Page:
In keeping with the rural setting and heritage, Squirrell envisions the facility as a modern barn, a contemporary version of the classic Huron barn. “There will be big doors to the outside.” The outdoor space will host public art installations, art fairs and festivals. Until it is built Bayfield Centre for the Arts is in a barn at 24 Main Street. The space in front, the barnyard, will be used for classes and exhibits.
Part of the organization’s mandate is to take art to the people. A truck, donated by Lake Huron Chrysler, takes a mobile studio to businesses, groups and families who book a particular activity. “It’s very COVID-friendly,” says Squirrell. “When you call to book, you choose from a list of offerings, so we can supply the materials for painting, fibre art such as macramé or needlepoint, photography or a craft.”
The truck carries an instructor, assistant and all supplies. “Everyone gets their own table, chair, materials to take home and do another. We encourage creative activity and generate people who want to take up a new medium.”
This summer, the barn on Main Street also offers three masterclasses: two in painting in June and July; one in soapstone carving in August. “You’ll come away from the four-hour class with a carving,” says Squirrell.
Accredited,experienced artists teach these masterclasses. To be in the know and be able to enroll in your chosen class, she suggests you sign up for the newsletter to get inside and advance information. Create Together is an open studio in the barnyard each week through the summer.
“People bring their own project to work on. It’s the stimulus of being among other creative people.” In September, Squirrell says the group will hold an online auction. “It’s a great opportunity to acquire experiences, lessons beyond art.”
"Building from the grassroots to encompass individuals, businesses and organizations, the Bayfield Centre for the Arts can be a model for transformative co-operation."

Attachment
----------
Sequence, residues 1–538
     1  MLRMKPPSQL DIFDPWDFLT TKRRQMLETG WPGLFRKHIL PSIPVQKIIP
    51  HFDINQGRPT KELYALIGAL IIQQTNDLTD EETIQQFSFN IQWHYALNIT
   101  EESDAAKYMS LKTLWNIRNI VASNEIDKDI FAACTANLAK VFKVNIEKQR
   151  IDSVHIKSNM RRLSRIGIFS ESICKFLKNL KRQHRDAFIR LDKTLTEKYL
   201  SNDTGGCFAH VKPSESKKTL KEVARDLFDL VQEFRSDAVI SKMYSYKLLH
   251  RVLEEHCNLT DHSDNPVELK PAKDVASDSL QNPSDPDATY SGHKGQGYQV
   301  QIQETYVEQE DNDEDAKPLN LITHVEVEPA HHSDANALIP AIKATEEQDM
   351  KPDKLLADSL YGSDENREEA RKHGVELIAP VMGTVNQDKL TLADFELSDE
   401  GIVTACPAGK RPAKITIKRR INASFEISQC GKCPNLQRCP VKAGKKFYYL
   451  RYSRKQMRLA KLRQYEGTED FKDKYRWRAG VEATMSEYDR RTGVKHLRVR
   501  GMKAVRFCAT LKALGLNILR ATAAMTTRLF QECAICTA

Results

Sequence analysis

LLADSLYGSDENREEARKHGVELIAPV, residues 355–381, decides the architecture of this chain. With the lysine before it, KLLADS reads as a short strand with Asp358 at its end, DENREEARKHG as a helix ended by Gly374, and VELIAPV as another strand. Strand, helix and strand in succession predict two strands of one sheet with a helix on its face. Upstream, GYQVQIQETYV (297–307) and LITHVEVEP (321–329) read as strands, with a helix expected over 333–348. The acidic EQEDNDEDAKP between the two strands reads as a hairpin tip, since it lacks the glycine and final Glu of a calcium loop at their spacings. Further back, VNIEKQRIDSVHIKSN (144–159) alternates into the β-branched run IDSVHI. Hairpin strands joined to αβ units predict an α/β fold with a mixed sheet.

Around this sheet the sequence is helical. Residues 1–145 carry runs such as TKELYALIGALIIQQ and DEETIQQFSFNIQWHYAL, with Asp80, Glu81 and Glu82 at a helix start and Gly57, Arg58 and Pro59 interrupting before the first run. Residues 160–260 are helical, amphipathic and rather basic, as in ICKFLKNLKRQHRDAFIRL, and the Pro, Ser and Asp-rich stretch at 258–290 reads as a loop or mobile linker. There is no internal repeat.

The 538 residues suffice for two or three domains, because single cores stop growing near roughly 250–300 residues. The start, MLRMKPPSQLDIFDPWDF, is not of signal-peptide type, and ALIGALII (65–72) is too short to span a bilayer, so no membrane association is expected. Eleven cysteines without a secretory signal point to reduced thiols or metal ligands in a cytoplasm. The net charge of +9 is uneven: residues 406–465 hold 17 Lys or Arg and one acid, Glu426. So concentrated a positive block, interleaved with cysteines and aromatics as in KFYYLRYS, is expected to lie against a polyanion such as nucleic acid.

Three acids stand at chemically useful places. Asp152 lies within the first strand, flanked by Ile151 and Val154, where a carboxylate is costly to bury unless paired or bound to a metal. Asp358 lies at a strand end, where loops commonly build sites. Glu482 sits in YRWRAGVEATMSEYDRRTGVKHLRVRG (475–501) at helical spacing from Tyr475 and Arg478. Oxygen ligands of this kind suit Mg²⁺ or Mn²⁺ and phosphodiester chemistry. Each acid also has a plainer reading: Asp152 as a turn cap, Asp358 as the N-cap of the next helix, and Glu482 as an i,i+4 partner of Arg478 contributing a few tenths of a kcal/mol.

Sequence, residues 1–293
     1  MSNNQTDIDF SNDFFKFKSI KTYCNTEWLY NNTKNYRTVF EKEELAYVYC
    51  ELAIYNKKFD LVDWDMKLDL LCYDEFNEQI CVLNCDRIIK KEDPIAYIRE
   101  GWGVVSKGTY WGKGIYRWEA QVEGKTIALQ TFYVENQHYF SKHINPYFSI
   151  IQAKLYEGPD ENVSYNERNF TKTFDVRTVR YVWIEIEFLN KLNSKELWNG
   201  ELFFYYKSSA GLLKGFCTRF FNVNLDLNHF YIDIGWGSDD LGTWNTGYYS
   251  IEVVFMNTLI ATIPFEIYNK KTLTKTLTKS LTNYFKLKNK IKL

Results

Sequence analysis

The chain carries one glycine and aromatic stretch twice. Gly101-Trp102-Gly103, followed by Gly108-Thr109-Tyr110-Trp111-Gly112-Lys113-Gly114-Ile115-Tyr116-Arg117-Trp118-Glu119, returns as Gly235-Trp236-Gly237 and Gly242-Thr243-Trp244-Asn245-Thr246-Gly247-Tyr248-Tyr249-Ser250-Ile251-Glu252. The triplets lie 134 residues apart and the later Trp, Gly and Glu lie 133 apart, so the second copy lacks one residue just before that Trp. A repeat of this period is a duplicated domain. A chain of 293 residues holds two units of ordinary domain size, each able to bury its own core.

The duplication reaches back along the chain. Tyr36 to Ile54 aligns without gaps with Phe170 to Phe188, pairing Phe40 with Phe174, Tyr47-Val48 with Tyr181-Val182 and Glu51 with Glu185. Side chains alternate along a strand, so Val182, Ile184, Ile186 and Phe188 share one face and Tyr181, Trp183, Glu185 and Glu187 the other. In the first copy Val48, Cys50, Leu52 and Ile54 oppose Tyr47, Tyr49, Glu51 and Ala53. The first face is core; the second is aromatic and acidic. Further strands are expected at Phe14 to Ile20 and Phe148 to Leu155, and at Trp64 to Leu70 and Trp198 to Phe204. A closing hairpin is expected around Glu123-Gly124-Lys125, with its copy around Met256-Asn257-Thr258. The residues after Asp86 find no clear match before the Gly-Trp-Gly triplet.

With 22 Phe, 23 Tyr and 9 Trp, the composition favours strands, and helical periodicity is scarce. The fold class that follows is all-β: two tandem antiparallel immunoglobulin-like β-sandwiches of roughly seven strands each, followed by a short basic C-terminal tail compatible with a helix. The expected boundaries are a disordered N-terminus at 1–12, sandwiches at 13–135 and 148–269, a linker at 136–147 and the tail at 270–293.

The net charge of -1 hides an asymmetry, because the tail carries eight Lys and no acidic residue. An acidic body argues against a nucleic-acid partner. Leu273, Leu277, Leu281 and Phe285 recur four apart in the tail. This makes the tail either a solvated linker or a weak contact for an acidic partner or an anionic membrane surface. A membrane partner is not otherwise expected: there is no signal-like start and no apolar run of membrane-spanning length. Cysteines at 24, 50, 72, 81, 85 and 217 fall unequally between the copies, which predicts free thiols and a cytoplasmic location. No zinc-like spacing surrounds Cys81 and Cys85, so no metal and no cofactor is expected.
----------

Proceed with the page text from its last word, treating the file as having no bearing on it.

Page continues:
An online Year of the Barn exhibition attracted submissions from across the province. “It’s an amazing collection of style, vision and skill,” says Squirrell. Volunteers are needed for all these activities.
“I want to hear from artists who give classes, people to work on the art truck, to help with administration and financially. We’ve already attracted many interesting people. It’s taken off quickly. The concept and offerings really resonate with everyone we talk to.” Squirrell says third-party fundraisers, who hold events and donate proceeds to the Bayfield Centre for the Arts, are also appreciated.
The Birdhouse Foundation contributed for example. Connor Withers and his father Tim build birdhouses from scrap wood in Burlington and donate them to charities.
The benefits of being creative can start in early childhood or in retirement. “I’m excited about children getting involved early,” says Squirrell. She is also antic-ipating sharing the joy with retirees, people who now have time to explore new pursuits. “Creating that opportunity really excites me. I know the benefit of practicing art and being in the flow, totally immersed, when I am painting.
You forget worries, you’re in a healthy creative space. The process is important not the product. That’s what excites me. I know what that feeling is like. I want to build this so other people can experience those moments.” Building from the grassroots to encompass individuals, businesses and organizations, the Bayfield Centre for the Arts can be a model for transformative co-operation. Community benefits include social, health, business, job creation, population retention and tourism.
“Our Board of Directors is comprised of myself, Jack Pal, Debra MacArthur, John Marshall and Bill Whetstone, all of whom have volunteered many hours and great advice and governance to this project and our vision. I could not have accomplished anything without their dedicated support and participation,” says Squirrell.